COVID-19 may have infected more Americans in 2020 than previously believed, a new study finds.
Researchers from the Columbia University Mailman School of Public Health simulated transmission of the virus across the country, and found that 31 percent of the country’s population had contracted the virus at some point last year.
This means that there could have been around 100 million cases in the U.S. last year compared to the official count of 34.4 million – an undercount of nearly 66 percent.
In some areas, more than 60 percent of the population was infected.
The team says its simulation also found that nearly 80 percent of cases may have gone undetected.
When combined with the 171.8 million people who are fully vaccinated, this could mean that 271.8 million Americans have immunity to the virus – although this number does not account for people who were infected and later got vaccinated.
A study finds that U.S. COVID-19 cases may he been undercounted by 66 million last year, and that nearly a third of residents were infected last year. Cases were significantly undercounted early last year. The blue bars on the chart represent the estimated ‘real’ case count throughout 2020, with numbers on the x-axis corresponding to the month of the year the data is gathered from (‘3’ represents March). The orange bars represent the official case count
At one point late in 2020, more than 1% of Americans had COVID-19 at the same time. The orange line on the graph represents the share of U.S. residents projected to have the virus. The blue line represents the official confirmed case counts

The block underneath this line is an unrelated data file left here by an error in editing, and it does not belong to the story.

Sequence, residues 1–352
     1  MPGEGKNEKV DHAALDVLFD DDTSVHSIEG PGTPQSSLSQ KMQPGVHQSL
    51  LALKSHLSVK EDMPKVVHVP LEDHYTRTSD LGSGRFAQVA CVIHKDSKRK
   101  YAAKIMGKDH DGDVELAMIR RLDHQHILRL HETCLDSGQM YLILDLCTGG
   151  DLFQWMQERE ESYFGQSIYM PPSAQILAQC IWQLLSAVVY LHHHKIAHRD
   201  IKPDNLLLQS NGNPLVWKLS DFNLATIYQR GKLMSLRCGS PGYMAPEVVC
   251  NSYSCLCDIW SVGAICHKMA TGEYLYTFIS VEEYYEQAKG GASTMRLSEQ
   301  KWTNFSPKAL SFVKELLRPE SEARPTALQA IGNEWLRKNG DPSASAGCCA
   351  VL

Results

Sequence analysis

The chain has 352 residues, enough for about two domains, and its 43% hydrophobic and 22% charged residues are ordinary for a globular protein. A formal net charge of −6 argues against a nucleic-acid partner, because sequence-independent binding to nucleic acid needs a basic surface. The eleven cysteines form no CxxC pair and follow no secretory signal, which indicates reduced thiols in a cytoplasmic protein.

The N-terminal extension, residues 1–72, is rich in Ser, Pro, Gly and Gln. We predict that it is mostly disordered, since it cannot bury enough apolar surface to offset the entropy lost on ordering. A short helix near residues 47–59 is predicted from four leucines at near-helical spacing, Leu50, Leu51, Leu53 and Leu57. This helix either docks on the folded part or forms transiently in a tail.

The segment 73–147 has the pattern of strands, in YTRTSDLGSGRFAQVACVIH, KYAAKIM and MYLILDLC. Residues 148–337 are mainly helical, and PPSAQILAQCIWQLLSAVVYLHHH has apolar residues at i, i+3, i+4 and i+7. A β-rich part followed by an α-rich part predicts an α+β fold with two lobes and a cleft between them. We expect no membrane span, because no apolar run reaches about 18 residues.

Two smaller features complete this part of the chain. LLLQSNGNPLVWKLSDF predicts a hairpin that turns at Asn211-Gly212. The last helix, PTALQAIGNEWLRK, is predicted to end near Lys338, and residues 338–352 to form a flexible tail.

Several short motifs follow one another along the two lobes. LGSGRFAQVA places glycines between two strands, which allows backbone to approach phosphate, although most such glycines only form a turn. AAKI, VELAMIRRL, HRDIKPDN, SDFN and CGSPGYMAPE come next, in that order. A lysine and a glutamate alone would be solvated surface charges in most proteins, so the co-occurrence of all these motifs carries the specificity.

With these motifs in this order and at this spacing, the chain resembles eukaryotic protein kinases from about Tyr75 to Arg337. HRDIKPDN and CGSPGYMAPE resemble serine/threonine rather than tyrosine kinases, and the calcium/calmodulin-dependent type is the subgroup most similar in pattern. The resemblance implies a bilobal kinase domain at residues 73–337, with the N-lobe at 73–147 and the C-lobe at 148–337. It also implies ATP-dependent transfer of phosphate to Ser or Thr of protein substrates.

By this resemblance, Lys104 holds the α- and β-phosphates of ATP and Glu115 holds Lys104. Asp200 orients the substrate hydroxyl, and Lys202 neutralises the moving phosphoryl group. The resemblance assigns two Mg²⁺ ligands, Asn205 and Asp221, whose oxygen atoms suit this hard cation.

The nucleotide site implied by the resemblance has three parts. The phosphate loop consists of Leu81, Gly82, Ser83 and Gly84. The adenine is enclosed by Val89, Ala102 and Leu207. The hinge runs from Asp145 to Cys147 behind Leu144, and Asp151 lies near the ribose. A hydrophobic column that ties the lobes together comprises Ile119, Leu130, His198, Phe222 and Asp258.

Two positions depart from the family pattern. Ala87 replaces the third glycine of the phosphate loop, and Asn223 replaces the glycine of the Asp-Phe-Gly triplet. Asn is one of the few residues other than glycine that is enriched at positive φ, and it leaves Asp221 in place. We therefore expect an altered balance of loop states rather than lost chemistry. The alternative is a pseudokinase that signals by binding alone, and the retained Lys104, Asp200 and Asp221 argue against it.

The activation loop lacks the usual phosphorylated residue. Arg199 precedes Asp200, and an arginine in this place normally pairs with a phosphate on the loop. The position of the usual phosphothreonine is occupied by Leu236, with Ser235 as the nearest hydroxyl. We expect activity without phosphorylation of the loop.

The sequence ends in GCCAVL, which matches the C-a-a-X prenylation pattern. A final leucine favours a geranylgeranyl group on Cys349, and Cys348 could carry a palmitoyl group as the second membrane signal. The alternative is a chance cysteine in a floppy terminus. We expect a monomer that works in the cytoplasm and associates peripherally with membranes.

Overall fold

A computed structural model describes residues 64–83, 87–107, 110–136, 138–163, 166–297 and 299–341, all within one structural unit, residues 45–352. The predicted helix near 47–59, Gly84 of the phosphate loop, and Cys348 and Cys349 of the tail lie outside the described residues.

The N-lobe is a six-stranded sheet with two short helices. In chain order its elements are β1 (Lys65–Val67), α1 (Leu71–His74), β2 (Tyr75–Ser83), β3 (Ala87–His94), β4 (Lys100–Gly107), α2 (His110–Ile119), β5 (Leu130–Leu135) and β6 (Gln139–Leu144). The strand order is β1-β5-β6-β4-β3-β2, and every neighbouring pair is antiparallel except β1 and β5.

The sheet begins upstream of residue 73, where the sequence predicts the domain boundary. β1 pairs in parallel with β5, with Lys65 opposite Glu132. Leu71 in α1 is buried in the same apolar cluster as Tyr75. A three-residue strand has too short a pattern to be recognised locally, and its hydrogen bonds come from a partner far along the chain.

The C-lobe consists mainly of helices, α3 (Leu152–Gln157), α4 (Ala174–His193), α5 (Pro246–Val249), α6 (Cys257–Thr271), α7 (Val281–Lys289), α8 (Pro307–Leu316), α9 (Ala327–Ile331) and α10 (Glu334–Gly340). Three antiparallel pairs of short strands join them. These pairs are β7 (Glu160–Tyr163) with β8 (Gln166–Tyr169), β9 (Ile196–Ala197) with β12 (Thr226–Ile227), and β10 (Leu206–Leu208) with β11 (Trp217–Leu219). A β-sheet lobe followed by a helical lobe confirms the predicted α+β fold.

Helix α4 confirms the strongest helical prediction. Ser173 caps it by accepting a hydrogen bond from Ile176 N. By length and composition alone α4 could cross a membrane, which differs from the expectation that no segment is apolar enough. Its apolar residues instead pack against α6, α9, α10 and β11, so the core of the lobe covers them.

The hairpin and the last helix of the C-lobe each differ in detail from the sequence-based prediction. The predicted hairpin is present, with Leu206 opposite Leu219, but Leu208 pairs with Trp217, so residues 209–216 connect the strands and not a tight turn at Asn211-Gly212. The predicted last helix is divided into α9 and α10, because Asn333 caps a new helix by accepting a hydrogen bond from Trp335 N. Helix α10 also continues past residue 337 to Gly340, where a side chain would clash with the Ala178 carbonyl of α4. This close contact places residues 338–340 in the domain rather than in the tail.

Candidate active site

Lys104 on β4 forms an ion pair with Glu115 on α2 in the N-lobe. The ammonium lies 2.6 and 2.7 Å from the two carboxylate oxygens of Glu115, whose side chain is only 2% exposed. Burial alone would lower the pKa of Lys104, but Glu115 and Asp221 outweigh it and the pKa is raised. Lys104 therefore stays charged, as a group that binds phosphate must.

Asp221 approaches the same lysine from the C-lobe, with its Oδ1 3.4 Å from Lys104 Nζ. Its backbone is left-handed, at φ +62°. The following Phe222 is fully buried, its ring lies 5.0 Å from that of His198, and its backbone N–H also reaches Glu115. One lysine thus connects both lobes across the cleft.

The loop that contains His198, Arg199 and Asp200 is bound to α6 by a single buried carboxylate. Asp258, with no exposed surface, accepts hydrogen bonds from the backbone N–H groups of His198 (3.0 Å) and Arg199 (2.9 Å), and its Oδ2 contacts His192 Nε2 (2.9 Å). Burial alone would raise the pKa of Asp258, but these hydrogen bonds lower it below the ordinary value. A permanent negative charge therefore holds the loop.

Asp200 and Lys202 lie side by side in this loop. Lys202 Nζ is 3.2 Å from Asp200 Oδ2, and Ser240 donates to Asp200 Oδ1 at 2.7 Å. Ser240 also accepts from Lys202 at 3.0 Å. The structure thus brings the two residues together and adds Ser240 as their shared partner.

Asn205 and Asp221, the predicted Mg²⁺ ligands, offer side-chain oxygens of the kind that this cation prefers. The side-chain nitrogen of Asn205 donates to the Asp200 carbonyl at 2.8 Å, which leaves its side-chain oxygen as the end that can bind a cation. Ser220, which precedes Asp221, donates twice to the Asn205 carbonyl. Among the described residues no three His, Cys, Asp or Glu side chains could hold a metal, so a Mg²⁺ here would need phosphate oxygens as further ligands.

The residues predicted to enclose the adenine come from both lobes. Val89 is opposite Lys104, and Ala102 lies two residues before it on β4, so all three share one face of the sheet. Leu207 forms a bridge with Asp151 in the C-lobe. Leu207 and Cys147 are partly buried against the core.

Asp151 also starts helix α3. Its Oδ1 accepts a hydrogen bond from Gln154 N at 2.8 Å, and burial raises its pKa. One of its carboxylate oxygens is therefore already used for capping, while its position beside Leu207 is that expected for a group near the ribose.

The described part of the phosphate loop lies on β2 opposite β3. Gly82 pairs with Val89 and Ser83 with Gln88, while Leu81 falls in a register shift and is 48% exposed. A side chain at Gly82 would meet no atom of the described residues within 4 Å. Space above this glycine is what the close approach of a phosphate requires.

For the study, published in Nature, researchers built a model that included all 3,142 counties in the U.S.
Using population, case data and mobility between counties, they estimated how the virus would transmit across the country.
In areas of the Midwest and the Mississippi Valley – states around the Mississippi River that includes Kentucky, Missouri and Tennessee – more than 60 percent of residents were infected with COVID-19.
Los Angeles was struck particularly hard as well, according to the simulation, with more than 52 percent people contracting the virus.
In other major cities, a large percentage of residents fell ill including 42 percent of residents in Chicago, 42 percent in Miami and 44 percent in New York City.
Cases that went undetected were often early in the pandemic, when testing was limited and some were less vigilant of symptoms.
Tests became less scarce as well.
In March 2020, when the pandemic first began, researchers estimate that only 11 percent of cases were detected.
By December, around 25 percent of cases were being detected.
‘The vast majority of infectious were not accounted for by the number of confirmed cases,’ said Dr Jeffrey Shaman, a professor of environmental health sciences at Columbia University Mailman School of Public Health.
‘It is these undocumented cases, which are often mild or asymptomatic infectious, that allow the virus to spread quickly through the broader population.’
At its highest point last year in early December, more than one percent of Americans were infected with the virus at the same time.
Researchers also found that different cities also got slammed by the pandemic at different times.
New York City and Chicago, for example, were hammered during the first spring wave of the pandemic, but dodged the larger summer 2020 surge.
Los Angeles and Phoenix did not suffer too greatly early in the pandemic, but were overwhelmed with cases over summer 2020 and during the winter surge late in the year.
Miami, along with much of the rest of Florida, experienced case surges during all three waves.
This is not the first times that researchers have found cases in the U.S. could have been undercounted last year.
A University of Washington study from last month found that cases were undercounted by 60 percent, and the true case count could be as high as 86 million.
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